Get-hooked July 20, 2020
Singer Devansh Chandra, diagnosed with autism, wants to build a career in music!
Devansh Chandra, 15 years old, was diagnosed with autism at a young age. Devansh lives with his parents Shweta and Divakar in Delhi. This youngster is a passionate singer who has performed at various venues at a young age. His love for music knows no boundaries.
15-year-old Devansh Chandra from Delhi is passionate singer who was diagnosed with autism at the age of two. He has performed at various stages and also hopes to build a career in music when he grows up. What made Devansh an empowered young man is the support and love he got from his family. Devansh’s mother Shweta and father Divakar worked with him for that. Shweta ensured that her son becomes an independent young man who can take care of his own things in spite of a disability. Read on to know more about Devansh’s journey.
Autism diagnosis at a young age
Shweta recollects that Devansh was a normal child till the age of one and half years, and that was when he had his first seizure. Soon after the seizure attack, he had high fever and was admitted to the hospital. Life changed for Devansh after the incident. He used to get up at nights and cry, something that became very common. Days were tougher for Shweta as Devansh lost the bond with his parents which he earlier had. This was something extremely upsetting for the family who were living in Patna during that time.
In Patna, there were no good therapists. An autism diagnosis for our son was something very shocking. I did not understand or know what his requirements were. It was my fault that I was completely unaware about autism. There were times when we thought autism was a disease that could be cured. We were running around and looking for doctors. It was like finding key to a lock. During that time, my husband got shifted to Delhi for work. Everything fell in place then- Shweta, Devansh’s mother.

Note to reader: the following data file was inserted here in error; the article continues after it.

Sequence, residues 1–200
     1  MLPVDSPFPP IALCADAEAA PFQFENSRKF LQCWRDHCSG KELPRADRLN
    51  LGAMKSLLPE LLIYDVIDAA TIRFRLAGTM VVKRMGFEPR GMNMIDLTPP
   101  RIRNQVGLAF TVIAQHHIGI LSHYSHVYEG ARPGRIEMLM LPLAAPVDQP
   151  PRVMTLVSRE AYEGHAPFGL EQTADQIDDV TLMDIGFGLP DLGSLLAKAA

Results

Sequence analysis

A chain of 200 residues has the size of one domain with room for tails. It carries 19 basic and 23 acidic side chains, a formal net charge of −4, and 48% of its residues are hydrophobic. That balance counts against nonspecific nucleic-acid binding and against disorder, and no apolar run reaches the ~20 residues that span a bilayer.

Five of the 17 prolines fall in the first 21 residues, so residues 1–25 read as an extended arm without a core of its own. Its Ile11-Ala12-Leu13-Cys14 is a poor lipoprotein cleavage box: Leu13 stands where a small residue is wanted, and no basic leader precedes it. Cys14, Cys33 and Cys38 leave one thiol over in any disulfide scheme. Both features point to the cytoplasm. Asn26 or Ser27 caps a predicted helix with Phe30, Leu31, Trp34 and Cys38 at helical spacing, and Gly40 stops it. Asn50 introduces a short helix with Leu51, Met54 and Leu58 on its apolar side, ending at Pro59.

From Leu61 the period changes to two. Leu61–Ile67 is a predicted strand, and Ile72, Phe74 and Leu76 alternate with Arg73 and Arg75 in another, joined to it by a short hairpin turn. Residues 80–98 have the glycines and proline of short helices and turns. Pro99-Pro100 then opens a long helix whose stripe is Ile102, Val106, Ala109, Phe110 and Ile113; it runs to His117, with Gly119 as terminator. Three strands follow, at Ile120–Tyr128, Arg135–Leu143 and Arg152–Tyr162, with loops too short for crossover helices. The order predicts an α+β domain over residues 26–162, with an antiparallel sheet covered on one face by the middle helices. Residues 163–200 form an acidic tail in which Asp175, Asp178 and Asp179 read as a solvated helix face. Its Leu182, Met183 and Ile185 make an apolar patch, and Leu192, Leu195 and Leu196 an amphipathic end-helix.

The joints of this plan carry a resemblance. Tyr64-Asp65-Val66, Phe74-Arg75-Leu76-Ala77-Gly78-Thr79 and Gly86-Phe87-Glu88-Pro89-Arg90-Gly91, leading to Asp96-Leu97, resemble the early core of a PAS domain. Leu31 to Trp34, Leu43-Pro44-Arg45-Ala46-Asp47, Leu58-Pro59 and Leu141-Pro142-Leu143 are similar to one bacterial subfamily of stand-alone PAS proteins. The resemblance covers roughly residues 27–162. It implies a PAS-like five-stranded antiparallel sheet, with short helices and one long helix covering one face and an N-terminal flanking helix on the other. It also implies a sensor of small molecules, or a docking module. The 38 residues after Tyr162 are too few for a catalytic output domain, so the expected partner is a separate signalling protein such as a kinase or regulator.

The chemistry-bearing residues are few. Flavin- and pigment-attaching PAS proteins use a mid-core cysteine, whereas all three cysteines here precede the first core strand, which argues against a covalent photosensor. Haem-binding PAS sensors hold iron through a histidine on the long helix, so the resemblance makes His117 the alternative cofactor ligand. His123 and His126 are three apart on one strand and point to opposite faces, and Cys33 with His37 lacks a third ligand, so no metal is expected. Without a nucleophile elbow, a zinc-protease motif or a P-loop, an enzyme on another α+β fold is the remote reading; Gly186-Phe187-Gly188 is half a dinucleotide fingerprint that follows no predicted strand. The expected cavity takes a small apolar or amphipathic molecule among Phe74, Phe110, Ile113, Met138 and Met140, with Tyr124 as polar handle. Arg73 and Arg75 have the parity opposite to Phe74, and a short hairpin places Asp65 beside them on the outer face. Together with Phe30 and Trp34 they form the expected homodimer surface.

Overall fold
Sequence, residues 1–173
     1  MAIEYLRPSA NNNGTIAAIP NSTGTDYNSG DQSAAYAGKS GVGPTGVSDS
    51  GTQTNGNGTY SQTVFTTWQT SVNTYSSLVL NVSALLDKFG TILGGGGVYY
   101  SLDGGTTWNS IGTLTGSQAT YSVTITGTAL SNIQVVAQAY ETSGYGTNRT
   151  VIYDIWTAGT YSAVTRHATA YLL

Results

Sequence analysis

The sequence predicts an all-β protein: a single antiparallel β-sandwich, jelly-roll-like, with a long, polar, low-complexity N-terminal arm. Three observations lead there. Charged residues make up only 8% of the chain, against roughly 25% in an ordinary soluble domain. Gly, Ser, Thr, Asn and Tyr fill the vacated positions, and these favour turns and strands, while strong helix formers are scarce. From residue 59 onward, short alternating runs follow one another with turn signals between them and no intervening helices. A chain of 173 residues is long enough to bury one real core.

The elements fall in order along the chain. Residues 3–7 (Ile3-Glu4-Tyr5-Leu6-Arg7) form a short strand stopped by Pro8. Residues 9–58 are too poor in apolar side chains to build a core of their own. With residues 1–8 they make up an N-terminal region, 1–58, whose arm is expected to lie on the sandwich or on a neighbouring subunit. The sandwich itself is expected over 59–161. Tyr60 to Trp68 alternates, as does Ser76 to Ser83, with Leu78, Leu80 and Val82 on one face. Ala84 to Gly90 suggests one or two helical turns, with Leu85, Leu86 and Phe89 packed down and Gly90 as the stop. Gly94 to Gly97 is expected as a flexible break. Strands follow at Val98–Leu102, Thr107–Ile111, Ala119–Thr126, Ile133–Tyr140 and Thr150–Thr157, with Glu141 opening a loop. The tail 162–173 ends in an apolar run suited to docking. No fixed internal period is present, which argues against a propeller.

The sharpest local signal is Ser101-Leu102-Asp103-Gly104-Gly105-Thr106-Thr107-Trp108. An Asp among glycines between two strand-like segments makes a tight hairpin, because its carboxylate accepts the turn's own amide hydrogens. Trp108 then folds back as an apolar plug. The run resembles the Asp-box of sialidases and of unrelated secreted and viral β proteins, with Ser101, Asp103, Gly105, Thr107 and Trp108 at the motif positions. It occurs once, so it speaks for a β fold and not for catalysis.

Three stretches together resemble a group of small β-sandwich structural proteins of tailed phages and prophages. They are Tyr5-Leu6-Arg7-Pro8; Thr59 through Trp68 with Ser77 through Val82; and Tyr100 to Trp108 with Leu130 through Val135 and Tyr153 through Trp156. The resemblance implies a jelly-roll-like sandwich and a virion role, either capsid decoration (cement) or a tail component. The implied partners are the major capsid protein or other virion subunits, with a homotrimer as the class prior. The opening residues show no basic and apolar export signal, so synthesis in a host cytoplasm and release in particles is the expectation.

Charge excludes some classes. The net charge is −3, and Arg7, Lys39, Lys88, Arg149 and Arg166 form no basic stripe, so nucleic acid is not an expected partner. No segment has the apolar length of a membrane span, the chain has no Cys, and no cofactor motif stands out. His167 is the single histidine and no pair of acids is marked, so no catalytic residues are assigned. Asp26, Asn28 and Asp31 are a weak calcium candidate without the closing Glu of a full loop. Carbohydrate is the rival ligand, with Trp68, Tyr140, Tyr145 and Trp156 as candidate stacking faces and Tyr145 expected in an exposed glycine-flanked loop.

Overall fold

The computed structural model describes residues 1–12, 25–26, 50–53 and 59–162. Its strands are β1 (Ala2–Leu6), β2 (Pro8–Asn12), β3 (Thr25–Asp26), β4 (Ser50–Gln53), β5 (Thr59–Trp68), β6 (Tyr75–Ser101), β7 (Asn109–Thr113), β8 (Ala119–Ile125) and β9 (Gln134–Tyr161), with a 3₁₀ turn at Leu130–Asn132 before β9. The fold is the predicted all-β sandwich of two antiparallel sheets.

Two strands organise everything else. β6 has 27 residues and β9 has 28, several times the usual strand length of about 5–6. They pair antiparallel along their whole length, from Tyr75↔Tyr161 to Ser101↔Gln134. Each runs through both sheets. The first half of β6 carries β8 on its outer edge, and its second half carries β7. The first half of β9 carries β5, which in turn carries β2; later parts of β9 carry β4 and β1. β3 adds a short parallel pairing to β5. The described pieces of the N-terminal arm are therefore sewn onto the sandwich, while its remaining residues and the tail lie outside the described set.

Though Shweta had difficulties travelling long hours to the therapist with Devansh, she was determined to give her son the best treatment. So together, they used to travel in buses amidst the traffic to the best therapists in Delhi. Shweta says that it was one of the best decisions she made for Devansh.
Path to empowerment
Meanwhile, Shweta attended a few workshops wherein she learnt to work with her son to do therapies at home. She started occupational therapy, something that helped Devansh a lot. He was also picking up everything very fast. “There were many hurdles, but all that was ok to me as long as he started learning things”, she says.
Devansh was admitted to an early intervention center where Shweta used to go along with him. She did some volunteering and teaching work at the center so that she could keep an eye on Devansh. But things became sour as they refused to promote Devansh to higher class citing many reasons. They left the center.
Devansh is currently studying in class 7 at Balwant Ray Mehta School in the national capital. They have an exclusive group for children with disabilities and Devansh is a part of that.
Tryst with music
Shweta remembers that Devansh was not vocal at the age of two, but used to hum songs. He was fond of listening to songs and that is something that always kept him occupied. This youngster used to pick up songs very fast. At the age of four, when therapies started, Devansh started singing a little more. That is when Shweta and her husband realized Devansh’s love for music. He started having a great time playing hand-drum and enjoyed every bit of it too!
Devansh has not yet received any formal training in music, but he has performed at many venues. Last year, he was invited to perform at the ‘Aaj Tak’ conclave, which was a memorable experience.
He has also participated in the talent hunt organized by All India Institute of Medical Sciences (AIIMS), a national event, where he won the first place. He has also been getting ample platforms to perform from school.
“We hope that Devansh can build a career in music because that is what he is best at doing. He also hopes to pursue that in future”, says Shweta.
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